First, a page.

When I tell people on the "left" I'm a communist, they always ask, "What kind? Marxist/Leninist? Stalinist? Trotskyist? Maoist? Anarchist?" I decline these kinds of distinctions. I call myself a socialist precisely and only because ideologically, I want a society "that exists to create a general prosperity." Nothing more or less.

I call myself a communist because I've studied enough economics to have come to the pragmatic conclusion that the central national government should exercise not an exclusive but still an important role in the national economy and in the reproduction of society. I'm amenable to pragmatic arguments why I might be mistaken, but I'm not really open to ideological arguments why communism (as defined above) is mean and bad and wrong, mostly because my experience has shown that the specifically ideological arguments against communism are just disguised ideological arguments against socialism.

TUG Daniel O'Neil said...

Lot of good stuff here. Let's assume your definition of socialism as something that exists to create general prosperity is, across the left, dead on and widely embraced. I fervently hope it is so.

That leaves us with terms for praxis, and my use of "anarchism" versus "socialism" was intended to describe different emphases and different problem solving approaches.

Anarchistic seems to be structured to assign accountability for different tasks at many different levels of organization, while always defaulting to "the smallest level of organization possible". In Graydon's example above, a very very small number of rules - "constraints" - are applied at a global level, but most problem solving happens at more local levels, with many different systems or processes.

I know that some version of this structure exists in socialist thought (the very concept of the "soviet" embodies this before it's utterly transformed by the "supreme" modifier), but there is a sense of replication of a pretty specific model and less interest accommodating local variance the details. To put it another way, there's a lot of theory in many socialist models, but anarchists historically rolled up their sleeves and tried to make it work in the specific time and place.

(The fact that they never prevailed as the emerging socialist model across half a dozen historical examples is a discussion I'd love to have at some point. It's a serious bummer).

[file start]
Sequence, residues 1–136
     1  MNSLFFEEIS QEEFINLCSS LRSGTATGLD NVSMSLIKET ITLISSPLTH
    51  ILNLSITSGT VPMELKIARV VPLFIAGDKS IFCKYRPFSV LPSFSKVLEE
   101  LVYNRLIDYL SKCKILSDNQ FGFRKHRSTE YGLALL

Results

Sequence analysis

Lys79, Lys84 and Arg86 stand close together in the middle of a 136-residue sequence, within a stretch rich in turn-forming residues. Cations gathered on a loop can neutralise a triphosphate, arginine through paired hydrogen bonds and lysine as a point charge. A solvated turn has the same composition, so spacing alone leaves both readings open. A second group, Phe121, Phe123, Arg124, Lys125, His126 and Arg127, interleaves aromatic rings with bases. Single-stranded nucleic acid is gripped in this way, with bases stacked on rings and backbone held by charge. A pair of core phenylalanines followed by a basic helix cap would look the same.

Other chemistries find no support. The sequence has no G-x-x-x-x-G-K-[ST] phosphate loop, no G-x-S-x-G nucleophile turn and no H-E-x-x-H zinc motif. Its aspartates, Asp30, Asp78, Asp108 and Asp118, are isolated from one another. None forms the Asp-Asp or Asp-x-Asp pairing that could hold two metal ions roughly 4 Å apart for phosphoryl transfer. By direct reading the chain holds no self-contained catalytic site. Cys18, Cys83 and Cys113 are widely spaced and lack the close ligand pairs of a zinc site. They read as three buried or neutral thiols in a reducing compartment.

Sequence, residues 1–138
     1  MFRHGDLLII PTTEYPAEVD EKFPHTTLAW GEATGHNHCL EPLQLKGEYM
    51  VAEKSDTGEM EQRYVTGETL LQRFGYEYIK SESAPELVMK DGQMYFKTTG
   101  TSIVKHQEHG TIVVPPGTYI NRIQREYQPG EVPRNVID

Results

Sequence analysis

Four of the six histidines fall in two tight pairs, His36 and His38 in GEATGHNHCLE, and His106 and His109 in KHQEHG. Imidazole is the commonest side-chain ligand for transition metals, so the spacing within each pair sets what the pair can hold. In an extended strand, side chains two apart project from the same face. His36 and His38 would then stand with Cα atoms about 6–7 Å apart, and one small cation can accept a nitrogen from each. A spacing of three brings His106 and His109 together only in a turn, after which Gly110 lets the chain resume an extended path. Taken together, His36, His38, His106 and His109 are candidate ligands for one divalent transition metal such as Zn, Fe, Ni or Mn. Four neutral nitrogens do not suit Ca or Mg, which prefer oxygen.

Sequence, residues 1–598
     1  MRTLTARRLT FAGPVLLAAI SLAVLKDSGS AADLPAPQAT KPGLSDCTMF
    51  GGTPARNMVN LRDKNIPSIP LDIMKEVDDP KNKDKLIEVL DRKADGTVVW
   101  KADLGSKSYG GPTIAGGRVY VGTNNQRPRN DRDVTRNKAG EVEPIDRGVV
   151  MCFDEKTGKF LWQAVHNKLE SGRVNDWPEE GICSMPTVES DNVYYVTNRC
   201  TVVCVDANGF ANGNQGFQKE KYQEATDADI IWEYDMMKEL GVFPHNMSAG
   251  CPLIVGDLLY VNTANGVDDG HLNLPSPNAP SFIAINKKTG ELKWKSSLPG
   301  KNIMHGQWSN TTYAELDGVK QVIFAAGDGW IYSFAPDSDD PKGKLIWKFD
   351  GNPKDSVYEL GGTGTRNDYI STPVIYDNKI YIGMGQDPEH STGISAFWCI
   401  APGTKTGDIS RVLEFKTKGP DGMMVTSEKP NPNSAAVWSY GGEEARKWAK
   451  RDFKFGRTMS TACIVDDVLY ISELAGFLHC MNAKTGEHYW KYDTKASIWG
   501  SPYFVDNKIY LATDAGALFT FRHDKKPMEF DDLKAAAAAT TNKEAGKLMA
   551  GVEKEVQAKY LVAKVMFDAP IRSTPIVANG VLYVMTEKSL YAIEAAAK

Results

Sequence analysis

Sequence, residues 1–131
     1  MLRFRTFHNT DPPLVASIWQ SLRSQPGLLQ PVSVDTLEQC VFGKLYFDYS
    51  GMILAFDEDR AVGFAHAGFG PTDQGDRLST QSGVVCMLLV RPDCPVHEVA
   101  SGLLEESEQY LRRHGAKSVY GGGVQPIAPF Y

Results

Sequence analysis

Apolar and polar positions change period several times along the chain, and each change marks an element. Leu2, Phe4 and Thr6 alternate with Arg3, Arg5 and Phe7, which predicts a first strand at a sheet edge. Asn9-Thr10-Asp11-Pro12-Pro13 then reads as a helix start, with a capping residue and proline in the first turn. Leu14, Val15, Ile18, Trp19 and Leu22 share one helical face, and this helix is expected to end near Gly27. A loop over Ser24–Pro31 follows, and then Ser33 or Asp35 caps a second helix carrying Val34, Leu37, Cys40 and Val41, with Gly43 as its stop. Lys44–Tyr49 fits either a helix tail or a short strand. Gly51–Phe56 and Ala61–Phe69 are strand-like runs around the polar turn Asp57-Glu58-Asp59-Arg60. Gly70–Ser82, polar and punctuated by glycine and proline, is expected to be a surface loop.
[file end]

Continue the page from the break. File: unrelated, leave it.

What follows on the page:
Anyway, I hope you forgive me for using labels to shorthand the praxis. It seemed a way to get at what Graydon was chewing on. I don't think he meant socialism per se as much as "Solution models that try to do too much at too high a level of organization".

I think that the kinds of problems and issues described in Scott's "Seeing Like a State" and Francis Spufford's "Red Plenty" (granted two very very different books) get at the core question of "where is a problem solved?" that must be answered, even if we all agree with your fine definition of socialism.

Graydon I apologize if I misrepresented you in this.

Larry Hamelin said...

That leaves us with terms for praxis, and my use of "anarchism" versus "socialism" was intended to describe different emphases and different problem solving approaches.

I hear you, and I think I understand what you mean, and you're closer to my opinion than I originally thought you were. But still I think there is a substantial distance between our opinions.

As a matter of principle, I try to be radically agnostic about praxis. Indeed, I dislike the word praxis itself as importing too much theory into action. The only ideology I want to import into action is precisely the ideology stated above: does it further "general prosperity" (and preserve and extend non-material human well-being and dignity)? I would not, for example endorse a policy that increased one person's prosperity $1,000,000 and decreased the prosperity of 999,999 people by $1 each, even though this policy is more efficient from a traditional economic perspective.